# After-tax Standard Deviation

The after-tax standard deviation and after-tax return should be calculated when taxes apply. Both can easily be calculated once you know the dividend tax and the capital gains tax. After-tax returns and after-tax risk can have a significant impact on the efficient frontier. In particular, allocations to tax inefficient assets such as high yield bonds will usually decrease. They can still play a role, however, if the correlation with other assets in the portfolio is sufficiently low. On this page, we discuss how to calculate the after-tax return, how to adjust the current market value to reflect unrealized gains (embedded tax liability) or losses (embedded tax asset), and how to calculate the post-tax standard deviation. We provide an Excel template at the bottom of the page that implements the approach.

## Multi-step after-tax return calculation

First, let’s have a look at the calculation of the after-tax return. This approach should be used if the investor is taxable.

A simple example is the case where the investor does not receive a dividend, but only pays a capital gains tax. Suppose the return is 5% and the capital gains tax is 20%. In that case, the after-tax returns equals In the case of a dividend, the approach is the following. First, we calculate the dividend income. Suppose we generate a return of 16%, which consists of a capital gain of 14.4% and a dividend of 1.6%.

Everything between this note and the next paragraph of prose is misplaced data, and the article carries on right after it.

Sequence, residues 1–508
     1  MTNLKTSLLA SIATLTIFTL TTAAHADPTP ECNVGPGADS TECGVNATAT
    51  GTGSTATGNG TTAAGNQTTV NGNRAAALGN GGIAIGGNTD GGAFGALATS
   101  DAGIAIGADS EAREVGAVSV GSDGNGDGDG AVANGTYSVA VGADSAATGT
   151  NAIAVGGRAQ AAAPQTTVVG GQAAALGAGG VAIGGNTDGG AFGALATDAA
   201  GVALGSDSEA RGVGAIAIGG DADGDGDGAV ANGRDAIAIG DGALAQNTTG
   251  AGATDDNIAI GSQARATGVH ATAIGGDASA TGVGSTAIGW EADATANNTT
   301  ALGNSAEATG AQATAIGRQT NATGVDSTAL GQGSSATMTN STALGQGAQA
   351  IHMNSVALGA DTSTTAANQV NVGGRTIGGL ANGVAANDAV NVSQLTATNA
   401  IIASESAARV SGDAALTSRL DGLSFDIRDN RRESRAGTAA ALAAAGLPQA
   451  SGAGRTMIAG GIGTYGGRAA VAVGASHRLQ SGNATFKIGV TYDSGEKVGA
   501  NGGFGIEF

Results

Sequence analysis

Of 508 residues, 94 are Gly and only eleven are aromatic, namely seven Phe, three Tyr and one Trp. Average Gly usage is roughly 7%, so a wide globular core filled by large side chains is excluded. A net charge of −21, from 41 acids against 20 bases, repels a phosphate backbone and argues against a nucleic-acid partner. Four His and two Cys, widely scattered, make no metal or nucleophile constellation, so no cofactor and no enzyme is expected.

In that case, the after-tax dividend return will be (assuming a dividend tax rate of 30%) The after-tax capital gain return will be (assuming a capital gains tax rate of 20%) The total after-tax return is 12.64%.

## After-tax standard deviation calculation

The post-tax standard deviation is easily calculated. We simply take the pre-tax standard deviation. Assuming a capital gains tax of 20% and a standard deviation of 12%, the after-tax standard deviation equals Interestingly, taxes cushion the impact of taxes on after-tax standard deviation.

## Summary

Taxes complicate the portfolio optimization process. Return and risk need to be considered on both a pre- and an after-tax basis, although correlations will be unaffected by taxes.